Flexible, easy-to-install SSL VPN grants admins the end point controls they need
If you need to provide secure remote access to Web-based apps as well as other network resources, then an SSL VPN is a great choice. Unlike IPSec VPNs, SSL VPNs do not require any special client software in order to access resources inside the enterprise. Now business partners, road warriors, and users at public Internet access terminals can safely and easily get to the information they need without adding to IT staff’s workload.
The Aventail EX-750 SSL VPN appliance provides granular yet flexible secure remote access without requiring an overly complex GUI. Users and resources are easy to create and manage through the browser-based GUI, and Aventail end point management is first rate. Some advanced end point features, however, require additional licensing. The appliance supports all types of VPN access, including Aventail Connect, a Windows application for seamless network integration. Notably, concurrent connections are limited to 50 users.
Ready, set, connect
Initial installation of the 1U rack-mountable EX-750 took less than an hour. I completed the first part using a local serial connection and the rest using a secure browser session. An easy-to-follow wizard stepped me through assigning an IP address, subnet mask, and gateway to the appliance. The Aventail AMC (ASAP Management Console) is neatly laid out and well organized, with a handy Quick Start set of links that guide you through major configuration and policy definitions.
The EX-750 comes with flexible user authentication tools. Users are grouped into realms, with each realm defined by the user store (LDAP, Active Directory, RADIUS, or local user list) and the credential type (digital certificate, token/SecureID, or username/password). For my test, I created a realm based on users in Active Directory in less than 10 minutes. AMC does a fantastic job of making LDAP and Active Directory connections quick and easy, and the included Test Connection feature ensures everything is correct.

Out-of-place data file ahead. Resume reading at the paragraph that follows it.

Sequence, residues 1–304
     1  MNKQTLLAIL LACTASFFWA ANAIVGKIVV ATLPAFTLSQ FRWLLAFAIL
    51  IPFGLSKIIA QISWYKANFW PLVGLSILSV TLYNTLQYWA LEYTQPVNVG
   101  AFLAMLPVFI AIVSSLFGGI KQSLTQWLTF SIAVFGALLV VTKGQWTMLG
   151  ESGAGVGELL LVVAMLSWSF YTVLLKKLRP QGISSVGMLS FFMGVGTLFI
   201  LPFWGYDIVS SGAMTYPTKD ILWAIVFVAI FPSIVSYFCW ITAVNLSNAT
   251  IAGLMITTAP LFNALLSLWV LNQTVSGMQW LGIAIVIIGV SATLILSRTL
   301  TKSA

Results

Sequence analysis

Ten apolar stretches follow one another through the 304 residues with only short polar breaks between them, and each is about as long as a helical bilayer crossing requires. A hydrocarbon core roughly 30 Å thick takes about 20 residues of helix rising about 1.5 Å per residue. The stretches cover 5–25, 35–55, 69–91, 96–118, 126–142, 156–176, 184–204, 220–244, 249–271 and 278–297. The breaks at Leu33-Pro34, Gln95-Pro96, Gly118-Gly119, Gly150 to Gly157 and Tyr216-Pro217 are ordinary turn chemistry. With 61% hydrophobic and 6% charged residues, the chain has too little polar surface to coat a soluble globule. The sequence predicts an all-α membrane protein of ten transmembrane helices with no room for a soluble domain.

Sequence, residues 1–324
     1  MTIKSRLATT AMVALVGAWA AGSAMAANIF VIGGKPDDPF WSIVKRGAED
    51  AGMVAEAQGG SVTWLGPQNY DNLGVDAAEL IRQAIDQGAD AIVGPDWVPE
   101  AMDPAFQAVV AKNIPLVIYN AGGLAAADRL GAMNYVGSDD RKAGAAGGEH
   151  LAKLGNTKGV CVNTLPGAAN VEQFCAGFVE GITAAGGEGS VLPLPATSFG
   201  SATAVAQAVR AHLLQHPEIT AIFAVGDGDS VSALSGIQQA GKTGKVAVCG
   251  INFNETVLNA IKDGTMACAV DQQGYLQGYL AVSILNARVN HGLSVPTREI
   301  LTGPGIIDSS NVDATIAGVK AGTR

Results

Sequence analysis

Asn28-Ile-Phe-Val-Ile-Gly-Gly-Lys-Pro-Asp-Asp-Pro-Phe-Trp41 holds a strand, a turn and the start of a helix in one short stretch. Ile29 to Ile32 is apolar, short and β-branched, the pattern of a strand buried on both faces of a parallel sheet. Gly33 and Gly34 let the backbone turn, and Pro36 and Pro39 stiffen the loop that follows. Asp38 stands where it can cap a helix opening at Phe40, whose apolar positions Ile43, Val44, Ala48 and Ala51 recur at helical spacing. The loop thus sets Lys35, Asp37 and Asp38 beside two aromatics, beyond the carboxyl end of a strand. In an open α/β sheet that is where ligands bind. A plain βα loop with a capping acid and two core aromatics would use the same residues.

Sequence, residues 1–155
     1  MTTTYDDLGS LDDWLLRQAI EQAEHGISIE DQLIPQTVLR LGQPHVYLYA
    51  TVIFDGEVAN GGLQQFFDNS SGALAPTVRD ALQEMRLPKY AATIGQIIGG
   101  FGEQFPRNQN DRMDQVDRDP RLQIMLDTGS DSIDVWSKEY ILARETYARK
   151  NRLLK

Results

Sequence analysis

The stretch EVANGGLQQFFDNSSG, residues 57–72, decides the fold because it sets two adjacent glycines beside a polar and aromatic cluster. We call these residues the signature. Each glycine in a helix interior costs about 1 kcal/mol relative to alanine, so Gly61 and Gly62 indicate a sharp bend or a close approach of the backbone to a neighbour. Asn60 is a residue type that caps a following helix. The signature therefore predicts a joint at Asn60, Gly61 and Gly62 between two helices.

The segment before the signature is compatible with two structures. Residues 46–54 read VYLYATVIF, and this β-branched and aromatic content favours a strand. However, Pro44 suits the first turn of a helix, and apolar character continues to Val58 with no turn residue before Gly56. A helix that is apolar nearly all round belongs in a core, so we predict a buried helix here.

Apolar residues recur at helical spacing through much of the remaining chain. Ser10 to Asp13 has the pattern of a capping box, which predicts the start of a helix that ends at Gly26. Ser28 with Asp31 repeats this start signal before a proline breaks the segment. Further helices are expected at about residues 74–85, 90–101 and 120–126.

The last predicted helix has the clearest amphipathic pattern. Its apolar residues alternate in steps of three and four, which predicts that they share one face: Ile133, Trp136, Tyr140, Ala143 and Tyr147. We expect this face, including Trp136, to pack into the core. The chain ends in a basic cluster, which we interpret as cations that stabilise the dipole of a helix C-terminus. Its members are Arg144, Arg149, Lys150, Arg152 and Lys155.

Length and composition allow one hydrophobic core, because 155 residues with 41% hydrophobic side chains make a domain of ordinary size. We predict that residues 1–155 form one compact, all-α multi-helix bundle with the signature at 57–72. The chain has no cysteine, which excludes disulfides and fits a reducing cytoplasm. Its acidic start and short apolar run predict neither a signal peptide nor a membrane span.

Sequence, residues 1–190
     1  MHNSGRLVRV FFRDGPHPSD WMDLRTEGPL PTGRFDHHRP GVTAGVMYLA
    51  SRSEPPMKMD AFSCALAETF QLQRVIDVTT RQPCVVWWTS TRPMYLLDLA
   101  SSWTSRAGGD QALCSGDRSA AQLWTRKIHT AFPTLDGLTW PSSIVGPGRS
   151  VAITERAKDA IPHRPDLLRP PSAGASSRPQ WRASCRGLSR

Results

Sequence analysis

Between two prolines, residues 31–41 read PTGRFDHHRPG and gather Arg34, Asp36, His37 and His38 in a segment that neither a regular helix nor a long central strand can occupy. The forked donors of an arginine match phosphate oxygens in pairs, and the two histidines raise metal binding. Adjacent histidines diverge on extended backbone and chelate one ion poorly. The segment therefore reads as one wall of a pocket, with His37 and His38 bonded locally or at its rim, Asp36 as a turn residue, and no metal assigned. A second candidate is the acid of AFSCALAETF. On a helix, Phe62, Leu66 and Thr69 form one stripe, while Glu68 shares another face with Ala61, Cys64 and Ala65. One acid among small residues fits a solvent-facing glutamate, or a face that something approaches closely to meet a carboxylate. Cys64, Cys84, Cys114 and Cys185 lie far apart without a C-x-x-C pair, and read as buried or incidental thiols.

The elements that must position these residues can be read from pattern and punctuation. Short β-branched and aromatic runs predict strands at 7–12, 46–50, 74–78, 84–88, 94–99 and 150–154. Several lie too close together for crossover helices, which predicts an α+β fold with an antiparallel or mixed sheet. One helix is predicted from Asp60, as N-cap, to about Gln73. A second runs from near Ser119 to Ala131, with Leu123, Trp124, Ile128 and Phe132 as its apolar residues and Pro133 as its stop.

Resource definition is another area where Aventail excels. Adding a network resource requires naming it, defining whether it is a network, URL, or file system resource, and configuring its specific settings, such as share name, IP address, or URL.
As with other SSL appliances, the EX-750 offers three modes of access: Web client, thin client, and network-based. Web-client access simply secures and redirects the user to Web resources inside the enterprise via a Web browser. I tested this feature using both Internet Explorer and Mozilla Firefox, and had no trouble accessing Web applications behind the EX-750.
Thin-client support uses Aventail On-Demand, a download-on-access Java applet. Unlike clients for solutions such as Rainbow NetSwift iGate, the Aventail client installs no network drivers and makes no changes to the client’s host file but is also limited to TCP-based applications. When the session is over, the client closes with no lasting traces.
Aventail Connect is a Windows-based software client that runs in the background on a remote user’s PC. Unlike Aventail On-Demand, it provides transparent access to protected resources over both TCP and UDP (User Datagram Protocol) protocols. The client launches prior to the user logging in to his or her computer. This is important, because it allows the user to log in to a Windows domain over the SSL tunnel and come under all group policy restrictions and log-in script processing as defined by administrators. From the users’ perspective, they are part of the enterprise, even though they are not inside the local network.